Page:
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Around The Sun: Mum And The Million Dollars

Stephen Harrison tells of a day of shame.

I was born into a family of pranksters. Granddad enjoyed a good joke, mother was always laughing at some silly event or spinning odd-ball stories, and father, a quiet man of few words, always had some piece of mischief in mind and a twinkle in his eyes. Naturally the three of us, their children, inherited their good humour. Everything could be turned into a laugh, mocking our dire circumstances and material insufficiency.

I had been living in the United States for a couple of years. Time to send a letter to the world's best mum. I thought I would flavour it with a little surprise, a fake million dollar bill. The bill looked like real American money, but of course million dollar bills are not in circulation.

I had sent one of these fake bills to my ex-girlfriend Jacquie, and another to my old mate Barry. Now I was sending one to my mother, thinking she would have a good laugh at this souvenir from America. Accompanying it was a joke recommmendation to buy a house, and car, and other luxuries.

A week later I was awoken at 4 am by a phone call from the disgruntled manager of the Yorkshire Bank in Heckmondwike, England. Could I please persuade my mother to go back home? Tell her the bank note she was presenting was not genuine?

"Your mother has been in the bank for some time. She refuses to leave the premises until we cash her million dollar bill.''

My mother was convinced that the bank note was genuine. That the manager was trying to cheat her out of her new-found wealth.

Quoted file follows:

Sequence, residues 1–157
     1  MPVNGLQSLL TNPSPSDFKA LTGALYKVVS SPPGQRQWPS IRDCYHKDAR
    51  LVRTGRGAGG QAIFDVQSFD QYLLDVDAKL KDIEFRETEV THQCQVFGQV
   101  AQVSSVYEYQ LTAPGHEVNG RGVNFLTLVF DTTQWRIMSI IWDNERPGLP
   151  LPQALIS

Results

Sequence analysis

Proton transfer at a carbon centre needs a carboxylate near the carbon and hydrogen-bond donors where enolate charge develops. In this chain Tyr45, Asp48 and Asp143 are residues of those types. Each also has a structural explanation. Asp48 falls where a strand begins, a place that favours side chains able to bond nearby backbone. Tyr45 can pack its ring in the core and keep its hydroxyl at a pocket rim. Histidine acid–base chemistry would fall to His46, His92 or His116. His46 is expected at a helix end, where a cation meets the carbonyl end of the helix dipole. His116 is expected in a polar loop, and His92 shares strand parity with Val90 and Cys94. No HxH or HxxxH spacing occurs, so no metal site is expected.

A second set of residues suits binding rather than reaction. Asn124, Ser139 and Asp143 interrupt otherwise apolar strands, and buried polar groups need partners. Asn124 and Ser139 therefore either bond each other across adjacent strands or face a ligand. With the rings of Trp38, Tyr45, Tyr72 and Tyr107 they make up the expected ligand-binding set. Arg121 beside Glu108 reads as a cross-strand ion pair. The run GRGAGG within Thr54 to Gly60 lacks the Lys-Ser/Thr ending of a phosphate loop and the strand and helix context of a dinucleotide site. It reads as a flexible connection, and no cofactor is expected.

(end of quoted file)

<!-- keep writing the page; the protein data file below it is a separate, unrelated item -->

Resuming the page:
He handed the phone to my mother. She gabbled away at a million miles an hour in a broad Yorkshire accent. She had instructed my sisters and their husbands not to go to work today. She had told uncles aunts and cousins of her good fortune. She was going to buy them houses. Never again would they have to work. What a pity dad was not still alive. He would have been jumping for joy...

The voice coming to me from the other side of the Atlantic was filled with excitement, joy, anticipation. It was quite a while before I could get a word in edge-ways.

"Mum, mum, mum, sit down. Let me explain. It isn't a real note. It's a fake.''

"What!''

"It's a joke. Not for a moment did I think you would take it seriously.''

There was a deathly silence. Then a shrunken mouse-like voice said "Oh, OK.''

The phone went dead. She had hung up.

She didn't even say goodbye. Was she having a heart attack? Had the shock killed her?

I sat on the floor, imagining the embarrassment and humiliation she had suffered. I berated myself. There was no question of going back to sleep. My mother had always been ready to see the funny side of things. But that final faint "Oh OK'' haunted me. I had never heard her sound so distraught.

Daylight crept into the room. Perhaps if I went jogging...? I set off down a country road, but my legs were heavy, my heart shrunken with shame. Then a thought occurred. My mother had believed that the bank note was real because she believed in me. She believed that her son was capable of earning so much money that he could afford to casually send her a million dollars.

I rang my mother. I apologies profusely.

I told her how much I loved her.

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